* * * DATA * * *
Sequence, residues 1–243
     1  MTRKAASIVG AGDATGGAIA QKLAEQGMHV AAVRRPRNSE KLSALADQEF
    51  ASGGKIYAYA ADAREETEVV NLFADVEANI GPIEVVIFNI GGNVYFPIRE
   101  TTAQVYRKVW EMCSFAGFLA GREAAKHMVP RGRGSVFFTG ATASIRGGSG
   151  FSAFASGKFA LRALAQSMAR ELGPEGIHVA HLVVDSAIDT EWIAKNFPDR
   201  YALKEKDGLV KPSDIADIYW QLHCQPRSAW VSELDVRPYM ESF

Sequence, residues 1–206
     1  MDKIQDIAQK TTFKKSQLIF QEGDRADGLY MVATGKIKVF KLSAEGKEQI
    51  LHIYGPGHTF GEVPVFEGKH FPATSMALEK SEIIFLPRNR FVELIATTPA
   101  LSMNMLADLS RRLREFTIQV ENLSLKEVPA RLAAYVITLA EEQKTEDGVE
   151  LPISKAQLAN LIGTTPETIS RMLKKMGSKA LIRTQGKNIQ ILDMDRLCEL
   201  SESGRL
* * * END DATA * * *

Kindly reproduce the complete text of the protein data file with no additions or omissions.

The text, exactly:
Sequence, residues 1–243
     1  MTRKAASIVG AGDATGGAIA QKLAEQGMHV AAVRRPRNSE KLSALADQEF
    51  ASGGKIYAYA ADAREETEVV NLFADVEANI GPIEVVIFNI GGNVYFPIRE
   101  TTAQVYRKVW EMCSFAGFLA GREAAKHMVP RGRGSVFFTG ATASIRGGSG
   151  FSAFASGKFA LRALAQSMAR ELGPEGIHVA HLVVDSAIDT EWIAKNFPDR
   201  YALKEKDGLV KPSDIADIYW QLHCQPRSAW VSELDVRPYM ESF

Sequence, residues 1–206
     1  MDKIQDIAQK TTFKKSQLIF QEGDRADGLY MVATGKIKVF KLSAEGKEQI
    51  LHIYGPGHTF GEVPVFEGKH FPATSMALEK SEIIFLPRNR FVELIATTPA
   101  LSMNMLADLS RRLREFTIQV ENLSLKEVPA RLAAYVITLA EEQKTEDGVE
   151  LPISKAQLAN LIGTTPETIS RMLKKMGSKA LIRTQGKNIQ ILDMDRLCEL
   201  SESGRL